Recently, the Wall Street Journal printed a review of American Queenmaker, Julie Des Jardins’s biography of Marie Mattingly Meloney. I read this review avidly, for Meloney was one of the many strong-minded women whose careers intersected with Herbert Hoover’s public service. At a time when few women sat in the editor’s chair, Meloney was editor in chief of three major American periodicals: the Delineator, the New York Herald-Tribune Sunday Magazine, and This Week.
Meloney was a journalist, but she was also a “publicist, social reformer, mother, rainmaker, diplomat, political operative, and patron of women, the arts, and sciences—all rolled into one small, inconspicuous package.” The list of causes that Meloney championed was long. During World War I, she raised money for humanitarian relief in Europe, earning the respect of Herbert Hoover. After the war, she worked with Hoover’s campaigns for Better Homes for America and the American Child Health Association. Meloney’s best-known public-relations coup was transforming the Nobel Prize-winner Marie Curie into a celebrity during a carefully staged tour of the U.S. in 1921.
Des Jardins’ biography, thoroughly grounded in research in Marie Meloney papers at the Rare Books and Manuscripts Library of Columbia University, prompted me to review the Meloney materials within the Herbert Hoover papers. There were five folders of Marie Meloney correspondence scattered through the Hoover papers: Commerce Papers, American Child Health Association, President’s Personal Files and Post-Presidential Individual Files. These revealed the fire and iron that Meloney brought to bear on issues.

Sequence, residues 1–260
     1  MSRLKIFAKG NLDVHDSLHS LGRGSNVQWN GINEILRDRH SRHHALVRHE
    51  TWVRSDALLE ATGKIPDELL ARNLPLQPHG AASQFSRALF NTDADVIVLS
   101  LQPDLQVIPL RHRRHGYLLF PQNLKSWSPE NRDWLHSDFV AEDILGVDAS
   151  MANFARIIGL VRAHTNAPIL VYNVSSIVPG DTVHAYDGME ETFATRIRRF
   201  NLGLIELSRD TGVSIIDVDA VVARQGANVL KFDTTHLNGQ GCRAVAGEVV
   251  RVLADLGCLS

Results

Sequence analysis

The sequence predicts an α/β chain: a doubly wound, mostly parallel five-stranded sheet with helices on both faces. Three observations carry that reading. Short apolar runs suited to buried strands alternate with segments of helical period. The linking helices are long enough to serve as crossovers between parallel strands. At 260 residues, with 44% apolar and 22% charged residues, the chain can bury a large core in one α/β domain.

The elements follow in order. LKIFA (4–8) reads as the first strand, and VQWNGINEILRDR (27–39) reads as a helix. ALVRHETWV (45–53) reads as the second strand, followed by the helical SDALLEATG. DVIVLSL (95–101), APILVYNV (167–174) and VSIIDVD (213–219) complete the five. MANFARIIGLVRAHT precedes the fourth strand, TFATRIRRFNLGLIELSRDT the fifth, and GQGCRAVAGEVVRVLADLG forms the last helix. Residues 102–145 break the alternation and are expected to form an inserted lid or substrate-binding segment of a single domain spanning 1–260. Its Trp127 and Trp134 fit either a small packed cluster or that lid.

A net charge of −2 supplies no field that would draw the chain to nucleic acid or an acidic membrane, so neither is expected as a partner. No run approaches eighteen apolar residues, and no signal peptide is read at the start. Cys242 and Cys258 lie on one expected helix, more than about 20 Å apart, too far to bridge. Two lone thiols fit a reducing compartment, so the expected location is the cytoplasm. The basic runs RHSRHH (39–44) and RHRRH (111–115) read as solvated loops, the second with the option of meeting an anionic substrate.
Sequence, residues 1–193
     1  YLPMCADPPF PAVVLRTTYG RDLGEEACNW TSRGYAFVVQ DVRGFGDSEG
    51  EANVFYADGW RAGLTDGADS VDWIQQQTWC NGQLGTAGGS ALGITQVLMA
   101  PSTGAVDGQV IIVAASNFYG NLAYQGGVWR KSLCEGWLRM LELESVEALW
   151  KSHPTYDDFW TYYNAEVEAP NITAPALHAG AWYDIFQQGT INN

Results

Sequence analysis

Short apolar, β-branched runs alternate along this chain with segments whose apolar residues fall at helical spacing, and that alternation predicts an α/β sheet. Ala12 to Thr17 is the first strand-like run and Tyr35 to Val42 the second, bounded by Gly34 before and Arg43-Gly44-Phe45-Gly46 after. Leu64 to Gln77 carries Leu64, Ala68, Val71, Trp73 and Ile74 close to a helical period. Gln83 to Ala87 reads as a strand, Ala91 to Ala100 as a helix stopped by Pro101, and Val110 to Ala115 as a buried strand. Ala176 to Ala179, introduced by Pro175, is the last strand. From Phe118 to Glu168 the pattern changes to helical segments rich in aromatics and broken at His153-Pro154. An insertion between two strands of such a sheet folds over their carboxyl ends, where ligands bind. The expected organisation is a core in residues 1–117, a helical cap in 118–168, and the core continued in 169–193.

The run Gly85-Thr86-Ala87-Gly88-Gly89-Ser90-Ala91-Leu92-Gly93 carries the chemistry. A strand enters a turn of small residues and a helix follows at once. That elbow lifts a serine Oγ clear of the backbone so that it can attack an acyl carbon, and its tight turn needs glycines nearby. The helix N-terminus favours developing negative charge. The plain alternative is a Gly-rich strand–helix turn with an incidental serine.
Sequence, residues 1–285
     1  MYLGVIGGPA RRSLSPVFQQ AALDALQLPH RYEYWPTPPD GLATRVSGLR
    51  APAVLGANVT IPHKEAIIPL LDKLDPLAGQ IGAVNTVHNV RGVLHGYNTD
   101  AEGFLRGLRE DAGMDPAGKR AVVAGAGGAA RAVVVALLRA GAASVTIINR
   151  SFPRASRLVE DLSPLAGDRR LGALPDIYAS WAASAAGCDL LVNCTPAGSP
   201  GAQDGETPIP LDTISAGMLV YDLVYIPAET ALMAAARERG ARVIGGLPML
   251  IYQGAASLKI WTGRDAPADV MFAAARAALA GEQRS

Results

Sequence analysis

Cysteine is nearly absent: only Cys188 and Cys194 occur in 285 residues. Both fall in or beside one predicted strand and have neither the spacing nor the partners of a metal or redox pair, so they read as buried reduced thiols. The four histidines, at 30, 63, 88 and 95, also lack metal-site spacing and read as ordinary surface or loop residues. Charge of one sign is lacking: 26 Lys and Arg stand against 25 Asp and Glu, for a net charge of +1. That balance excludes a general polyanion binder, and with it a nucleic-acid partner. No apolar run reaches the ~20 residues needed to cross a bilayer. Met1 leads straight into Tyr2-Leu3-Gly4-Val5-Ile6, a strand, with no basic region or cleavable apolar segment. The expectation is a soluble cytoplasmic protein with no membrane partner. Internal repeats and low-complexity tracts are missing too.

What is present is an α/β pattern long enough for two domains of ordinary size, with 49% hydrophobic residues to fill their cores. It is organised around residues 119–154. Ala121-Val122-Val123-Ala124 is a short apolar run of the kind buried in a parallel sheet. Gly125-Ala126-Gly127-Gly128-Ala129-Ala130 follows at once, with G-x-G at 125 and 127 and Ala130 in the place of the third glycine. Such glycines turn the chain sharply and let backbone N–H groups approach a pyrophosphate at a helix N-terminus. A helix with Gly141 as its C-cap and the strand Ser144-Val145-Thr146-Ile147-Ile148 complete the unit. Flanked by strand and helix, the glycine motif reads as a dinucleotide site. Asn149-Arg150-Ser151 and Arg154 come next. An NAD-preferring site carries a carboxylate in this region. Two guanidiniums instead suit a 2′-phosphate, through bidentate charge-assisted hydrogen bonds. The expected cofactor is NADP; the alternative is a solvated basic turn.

It is clear from their earliest correspondence that Meloney and Hoover respected each other. She addressed him as ‘Chief’ a courtesy permitted only to Hoover’s inner circle. In September 1924, Meloney asked Hoover to write an article on the importance of teaching home economics to men in high school and college. Hoover complied, but the article was neither long enough nor strong enough for Meloney. She suggested that he revise and resubmit. It is a confident woman that can edit Hoover. For his part, Hoover rewrote the article. It appeared as ‘What Men Should Know about Home Economics’ in the April 1925 Delineator.
The Meloney-Hoover relationship was personal as well as professional. She wrote to him in March 1926, on Fifth Avenue Hospital stationery, saying that she was deeply touched by his visit to her during his short stay in New York City. Meloney wrote Hoover in July 1926, announcing her decision to resign her position as editor of the Delineator because they would not publicize Better Homes in America week. Hoover’s comforting reply that Meloney would soon find a better post may have buoyed her.
This friendship led Meloney to ask that Hoover write a letter of introduction for her son William as he began a journalism career in Europe. Hoover happily complied. He later wrote letters of introduction for Marie Meloney when she toured Europe in 1931. In return, Meloney took to the stump during the campaign of 1932, defending the policies of ‘her friend of sixteen years, Herbert Hoover.’ Hoover wrote her on January 5, 1933: ‘I cannot end my term as President of the United States without expressing to you my appreciation and my gratitude for your collaboration and loyal support.’ This friendship endured until Marie Meloney died in June 1943.